I’m not usually one to stoop to the level of arguing with lazy tabloid journalism. I’ve been playing video games since the mid ’80s and I’ve long since settled into an attitude of weary quasi-indifference upon seeing uninformed articles vomited out by narrow-minded hacks who froth at the mouth with misdirected righteous indignation. Part of me smugly refuses to be annoyed by these ham-fisted articles because they’re so poorly conceived that they scarcely qualify as journalism or, in some cases, even writing. This latest, however, made me facepalm so hard that the echoes of skin on bearded skin could be heard reverberating around the town for hours afterwards.
Microsoft Flight Simulator, the Daily Mail screams with delirious semi-coherent fury, is a training programme for terrorists.
Oh yes. Though the multitudinous previous claims of video games inciting acts of violence were certainly risible (for reasons well worn enough to not need reiteration here) they at least held to some sort of logic. GTA promotes crime, they said. First-person shooters promote shooting sprees, they said. Nonsense but at least a logical sequence. The choices of game made some sort of sense. Here, though, the Mail is linking flight simulator to a bomber who attacked trains. Just stop for a moment, Daily Mail, and ask yourself whether “this terrorist trained for a pedestrian attack on a train by flying a pretend plane” isn’t a bit of a stretch, even for you?
That’s akin to claiming that someone who carried out a horrific shooting in a school trained for the occasion by playing Theme Hospital. There is no longer even a semblance of logical thought to the Mail’s deranged flailing at video games, grabbing whatever comes to hand. A terrorist once bought brussels sprouts? Sprouts cause terrorism! Standing in a Tesco checkout line is training for manufacturing explosive devices!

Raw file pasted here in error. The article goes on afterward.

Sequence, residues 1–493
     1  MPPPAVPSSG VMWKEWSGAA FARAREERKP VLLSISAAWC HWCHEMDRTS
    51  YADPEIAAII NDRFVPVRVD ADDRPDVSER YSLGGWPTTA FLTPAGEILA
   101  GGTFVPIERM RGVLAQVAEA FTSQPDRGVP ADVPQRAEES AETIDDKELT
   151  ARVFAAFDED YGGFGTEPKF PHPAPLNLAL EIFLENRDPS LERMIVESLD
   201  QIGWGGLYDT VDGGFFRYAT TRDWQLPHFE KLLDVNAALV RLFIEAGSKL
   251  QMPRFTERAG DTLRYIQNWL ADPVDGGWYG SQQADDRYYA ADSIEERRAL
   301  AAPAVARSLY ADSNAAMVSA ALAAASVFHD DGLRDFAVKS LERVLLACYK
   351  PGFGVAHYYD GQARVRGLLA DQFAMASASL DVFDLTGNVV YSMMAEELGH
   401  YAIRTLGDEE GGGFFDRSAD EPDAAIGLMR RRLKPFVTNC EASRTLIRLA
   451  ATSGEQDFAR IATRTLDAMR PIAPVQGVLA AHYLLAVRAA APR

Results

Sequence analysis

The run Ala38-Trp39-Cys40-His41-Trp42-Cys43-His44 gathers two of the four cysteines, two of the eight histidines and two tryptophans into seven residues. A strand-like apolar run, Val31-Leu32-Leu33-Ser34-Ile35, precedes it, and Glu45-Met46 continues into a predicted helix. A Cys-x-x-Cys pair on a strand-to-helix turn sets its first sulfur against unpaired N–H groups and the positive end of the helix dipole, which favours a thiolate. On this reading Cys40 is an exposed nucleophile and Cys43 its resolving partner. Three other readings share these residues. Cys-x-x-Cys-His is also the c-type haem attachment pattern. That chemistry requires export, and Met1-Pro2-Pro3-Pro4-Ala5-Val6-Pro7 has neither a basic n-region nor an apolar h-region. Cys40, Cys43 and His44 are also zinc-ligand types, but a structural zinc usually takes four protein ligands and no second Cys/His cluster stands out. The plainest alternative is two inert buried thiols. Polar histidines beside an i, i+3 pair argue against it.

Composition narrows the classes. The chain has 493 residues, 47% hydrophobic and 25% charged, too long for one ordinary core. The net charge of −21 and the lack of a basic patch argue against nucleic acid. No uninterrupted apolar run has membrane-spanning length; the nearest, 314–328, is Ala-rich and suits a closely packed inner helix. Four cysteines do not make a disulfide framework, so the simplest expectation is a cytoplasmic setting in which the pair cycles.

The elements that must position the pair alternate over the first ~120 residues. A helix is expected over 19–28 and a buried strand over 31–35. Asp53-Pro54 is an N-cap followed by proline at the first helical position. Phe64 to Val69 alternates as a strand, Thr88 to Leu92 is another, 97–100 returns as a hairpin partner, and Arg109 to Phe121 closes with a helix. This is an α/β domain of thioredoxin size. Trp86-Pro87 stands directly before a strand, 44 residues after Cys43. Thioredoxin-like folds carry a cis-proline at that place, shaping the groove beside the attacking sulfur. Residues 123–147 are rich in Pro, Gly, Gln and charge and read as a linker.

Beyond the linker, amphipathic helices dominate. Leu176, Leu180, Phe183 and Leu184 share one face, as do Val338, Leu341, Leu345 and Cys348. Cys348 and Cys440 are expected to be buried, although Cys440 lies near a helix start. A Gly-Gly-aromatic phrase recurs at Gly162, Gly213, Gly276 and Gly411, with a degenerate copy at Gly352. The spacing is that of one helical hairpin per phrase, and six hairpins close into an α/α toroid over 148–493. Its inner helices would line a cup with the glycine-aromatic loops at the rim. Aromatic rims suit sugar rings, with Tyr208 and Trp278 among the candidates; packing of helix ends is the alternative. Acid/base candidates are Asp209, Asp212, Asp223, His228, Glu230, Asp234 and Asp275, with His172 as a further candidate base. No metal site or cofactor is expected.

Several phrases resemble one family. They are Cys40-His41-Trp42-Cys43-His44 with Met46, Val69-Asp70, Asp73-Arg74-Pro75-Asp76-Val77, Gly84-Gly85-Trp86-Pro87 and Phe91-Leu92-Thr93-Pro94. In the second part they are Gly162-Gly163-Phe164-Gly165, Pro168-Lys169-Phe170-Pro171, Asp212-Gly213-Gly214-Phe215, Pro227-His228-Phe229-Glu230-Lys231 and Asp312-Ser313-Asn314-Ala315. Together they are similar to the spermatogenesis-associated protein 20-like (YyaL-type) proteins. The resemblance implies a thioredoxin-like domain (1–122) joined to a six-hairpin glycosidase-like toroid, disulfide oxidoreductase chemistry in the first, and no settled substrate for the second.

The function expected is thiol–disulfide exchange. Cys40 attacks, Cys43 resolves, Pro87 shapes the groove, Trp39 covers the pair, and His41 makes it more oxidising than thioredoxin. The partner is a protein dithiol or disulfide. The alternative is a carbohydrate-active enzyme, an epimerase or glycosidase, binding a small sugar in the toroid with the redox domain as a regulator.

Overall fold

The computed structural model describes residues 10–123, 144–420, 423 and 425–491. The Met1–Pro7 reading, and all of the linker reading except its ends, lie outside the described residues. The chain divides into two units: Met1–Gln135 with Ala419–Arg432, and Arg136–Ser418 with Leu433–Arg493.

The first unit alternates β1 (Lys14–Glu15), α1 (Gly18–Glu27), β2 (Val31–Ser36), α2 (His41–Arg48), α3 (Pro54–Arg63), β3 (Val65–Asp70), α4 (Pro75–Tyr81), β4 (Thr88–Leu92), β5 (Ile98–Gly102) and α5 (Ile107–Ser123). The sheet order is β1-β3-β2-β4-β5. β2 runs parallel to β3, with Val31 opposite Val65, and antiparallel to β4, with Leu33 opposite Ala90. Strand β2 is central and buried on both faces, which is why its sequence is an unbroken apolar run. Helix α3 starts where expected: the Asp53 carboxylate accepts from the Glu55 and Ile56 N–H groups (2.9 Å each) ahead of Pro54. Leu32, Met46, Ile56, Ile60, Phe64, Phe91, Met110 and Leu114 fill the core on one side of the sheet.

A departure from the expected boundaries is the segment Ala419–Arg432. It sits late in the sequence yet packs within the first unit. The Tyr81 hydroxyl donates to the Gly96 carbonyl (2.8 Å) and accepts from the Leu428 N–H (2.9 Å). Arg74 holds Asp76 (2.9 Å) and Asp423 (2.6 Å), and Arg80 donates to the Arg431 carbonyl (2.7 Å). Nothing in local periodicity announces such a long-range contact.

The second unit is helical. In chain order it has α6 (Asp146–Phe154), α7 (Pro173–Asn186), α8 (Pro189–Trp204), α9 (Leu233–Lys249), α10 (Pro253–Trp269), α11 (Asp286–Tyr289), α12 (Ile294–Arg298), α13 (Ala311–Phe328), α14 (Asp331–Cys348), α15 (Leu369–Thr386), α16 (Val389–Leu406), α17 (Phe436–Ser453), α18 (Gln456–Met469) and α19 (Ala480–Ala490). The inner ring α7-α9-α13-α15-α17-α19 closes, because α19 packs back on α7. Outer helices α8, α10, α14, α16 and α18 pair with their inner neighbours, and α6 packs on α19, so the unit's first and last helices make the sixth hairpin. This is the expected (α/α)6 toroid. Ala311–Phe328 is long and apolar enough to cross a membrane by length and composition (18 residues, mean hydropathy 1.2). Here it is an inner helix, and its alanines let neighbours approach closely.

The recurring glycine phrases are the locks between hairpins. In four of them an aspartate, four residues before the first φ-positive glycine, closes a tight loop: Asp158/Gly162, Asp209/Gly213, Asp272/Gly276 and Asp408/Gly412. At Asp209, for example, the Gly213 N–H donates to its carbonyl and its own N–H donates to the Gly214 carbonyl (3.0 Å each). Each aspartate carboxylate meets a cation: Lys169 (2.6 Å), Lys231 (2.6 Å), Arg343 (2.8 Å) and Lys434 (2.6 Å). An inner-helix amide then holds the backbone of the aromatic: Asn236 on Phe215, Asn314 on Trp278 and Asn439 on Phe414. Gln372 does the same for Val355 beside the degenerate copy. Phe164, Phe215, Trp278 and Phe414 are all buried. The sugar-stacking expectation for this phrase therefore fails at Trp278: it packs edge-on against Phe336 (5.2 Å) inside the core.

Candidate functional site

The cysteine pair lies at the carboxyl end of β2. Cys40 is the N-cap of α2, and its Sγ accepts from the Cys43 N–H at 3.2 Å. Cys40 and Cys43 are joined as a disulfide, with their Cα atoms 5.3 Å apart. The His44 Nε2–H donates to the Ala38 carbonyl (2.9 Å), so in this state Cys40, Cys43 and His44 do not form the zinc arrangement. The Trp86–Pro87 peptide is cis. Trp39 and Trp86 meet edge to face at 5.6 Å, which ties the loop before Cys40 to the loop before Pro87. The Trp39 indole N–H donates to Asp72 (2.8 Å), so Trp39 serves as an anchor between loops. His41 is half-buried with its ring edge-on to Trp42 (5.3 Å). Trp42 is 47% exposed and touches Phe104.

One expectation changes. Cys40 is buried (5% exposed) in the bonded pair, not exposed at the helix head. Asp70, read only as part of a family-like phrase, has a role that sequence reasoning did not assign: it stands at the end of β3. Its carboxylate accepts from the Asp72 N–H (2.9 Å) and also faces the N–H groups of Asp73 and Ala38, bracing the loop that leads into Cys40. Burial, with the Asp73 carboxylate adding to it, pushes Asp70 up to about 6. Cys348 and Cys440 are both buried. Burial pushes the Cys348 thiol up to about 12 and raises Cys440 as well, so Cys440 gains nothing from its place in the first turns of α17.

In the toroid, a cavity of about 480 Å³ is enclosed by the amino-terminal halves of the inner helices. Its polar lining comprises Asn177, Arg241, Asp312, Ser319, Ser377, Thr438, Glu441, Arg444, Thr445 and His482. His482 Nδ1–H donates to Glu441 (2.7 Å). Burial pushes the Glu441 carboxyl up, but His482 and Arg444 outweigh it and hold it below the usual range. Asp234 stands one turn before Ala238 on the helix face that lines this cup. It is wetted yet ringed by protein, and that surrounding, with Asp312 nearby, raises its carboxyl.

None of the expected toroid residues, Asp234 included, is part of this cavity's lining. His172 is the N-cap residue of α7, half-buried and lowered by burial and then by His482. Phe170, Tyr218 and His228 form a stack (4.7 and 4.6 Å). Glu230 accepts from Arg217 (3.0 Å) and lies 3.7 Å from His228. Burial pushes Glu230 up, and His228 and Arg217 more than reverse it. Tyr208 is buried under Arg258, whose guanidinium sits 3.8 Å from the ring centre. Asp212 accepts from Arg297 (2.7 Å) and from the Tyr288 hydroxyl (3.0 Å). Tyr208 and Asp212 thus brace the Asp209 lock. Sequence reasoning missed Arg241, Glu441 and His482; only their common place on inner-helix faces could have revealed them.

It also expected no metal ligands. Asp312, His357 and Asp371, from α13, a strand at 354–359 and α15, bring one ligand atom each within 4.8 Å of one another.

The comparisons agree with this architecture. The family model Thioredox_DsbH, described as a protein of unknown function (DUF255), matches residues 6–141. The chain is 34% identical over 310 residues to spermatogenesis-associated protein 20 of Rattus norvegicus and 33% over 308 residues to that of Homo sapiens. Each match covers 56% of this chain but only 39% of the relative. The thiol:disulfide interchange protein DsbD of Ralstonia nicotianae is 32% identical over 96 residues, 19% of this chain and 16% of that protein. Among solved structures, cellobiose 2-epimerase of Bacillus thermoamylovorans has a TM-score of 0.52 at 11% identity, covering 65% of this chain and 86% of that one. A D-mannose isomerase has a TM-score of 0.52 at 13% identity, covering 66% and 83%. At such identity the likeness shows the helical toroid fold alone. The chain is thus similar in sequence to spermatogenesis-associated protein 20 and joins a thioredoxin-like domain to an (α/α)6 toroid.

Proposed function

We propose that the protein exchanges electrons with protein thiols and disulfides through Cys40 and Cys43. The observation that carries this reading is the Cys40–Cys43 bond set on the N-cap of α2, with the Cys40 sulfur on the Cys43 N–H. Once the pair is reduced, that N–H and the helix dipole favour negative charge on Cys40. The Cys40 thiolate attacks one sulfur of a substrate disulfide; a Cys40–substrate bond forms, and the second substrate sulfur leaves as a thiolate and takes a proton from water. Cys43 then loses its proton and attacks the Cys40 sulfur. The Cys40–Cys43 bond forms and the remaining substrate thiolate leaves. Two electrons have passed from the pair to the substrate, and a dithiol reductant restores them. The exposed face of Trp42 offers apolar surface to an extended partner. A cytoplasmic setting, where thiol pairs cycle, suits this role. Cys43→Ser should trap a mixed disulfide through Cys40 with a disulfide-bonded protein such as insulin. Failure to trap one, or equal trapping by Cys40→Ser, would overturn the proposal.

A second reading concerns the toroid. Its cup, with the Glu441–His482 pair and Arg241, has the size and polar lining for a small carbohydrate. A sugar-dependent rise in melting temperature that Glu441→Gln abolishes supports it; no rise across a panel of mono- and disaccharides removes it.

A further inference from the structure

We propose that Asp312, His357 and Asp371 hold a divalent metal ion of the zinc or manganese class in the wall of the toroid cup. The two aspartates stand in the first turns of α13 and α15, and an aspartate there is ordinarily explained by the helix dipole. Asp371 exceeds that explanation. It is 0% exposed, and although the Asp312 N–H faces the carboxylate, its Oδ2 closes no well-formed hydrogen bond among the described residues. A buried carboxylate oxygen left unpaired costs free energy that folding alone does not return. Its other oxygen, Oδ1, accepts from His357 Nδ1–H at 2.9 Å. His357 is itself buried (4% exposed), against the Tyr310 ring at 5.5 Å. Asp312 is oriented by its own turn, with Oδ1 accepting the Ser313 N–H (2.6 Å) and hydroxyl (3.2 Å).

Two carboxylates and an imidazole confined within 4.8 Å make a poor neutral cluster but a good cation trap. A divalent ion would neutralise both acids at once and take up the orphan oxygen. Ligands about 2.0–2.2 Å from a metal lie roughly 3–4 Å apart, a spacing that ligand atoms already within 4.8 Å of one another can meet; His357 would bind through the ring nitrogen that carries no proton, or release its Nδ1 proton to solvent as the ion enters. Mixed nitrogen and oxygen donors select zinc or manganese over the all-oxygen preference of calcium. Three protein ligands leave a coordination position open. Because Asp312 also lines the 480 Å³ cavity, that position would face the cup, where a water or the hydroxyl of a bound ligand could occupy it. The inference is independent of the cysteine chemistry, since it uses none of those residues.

That’s without even touching on the pathetic lack of journalistic standards in the way this ‘information’ is imparted. See how I indicated my dismissiveness of the information by putting the word in inverted commas? The Mail did exactly the same, referring to Microsoft Flight Simulator as a ‘game’, complete with sarcastic punctuation, as though raising a knowing eyebrow to an audience who are all well aware that this ‘game’ is transparently a malevolent plot by Microsoft to intentionally train terrorists. That seems to be the implication here. The Daily Mail wants us to believe that Microsoft are deliberately causing terrorism. Don’t even get me started on the fact that the Mail grudgingly admits in passing that the investigation never named a specific flight simulator in any case. ‘Many fingers pointed in the direction of Microsoft’, it says, while conveniently neglecting to cite any specific fingers. I suspect that all the fingers in question were Daily Mail fingers.
So there it is. Microsoft Flight Simulator = terrorism, right? Right?
No. It feels like overkill even typing the word ‘no’ to refute this mind-meltingly, bladder-shrivellingly piteous wail of desperate spite from a tabloid that has long since given up caring whether it can even take itself seriously. The Daily Mail is senile. It no longer knows or cares what it’s saying about anything as long as someone politely listens to it and gives it some soup. Just leave it alone to wither and die out as its own bizarre lie-peddling antics make it obsolete.
Oh, and if you play flight simulators and eat sprouts, don’t blow anything up. Ok?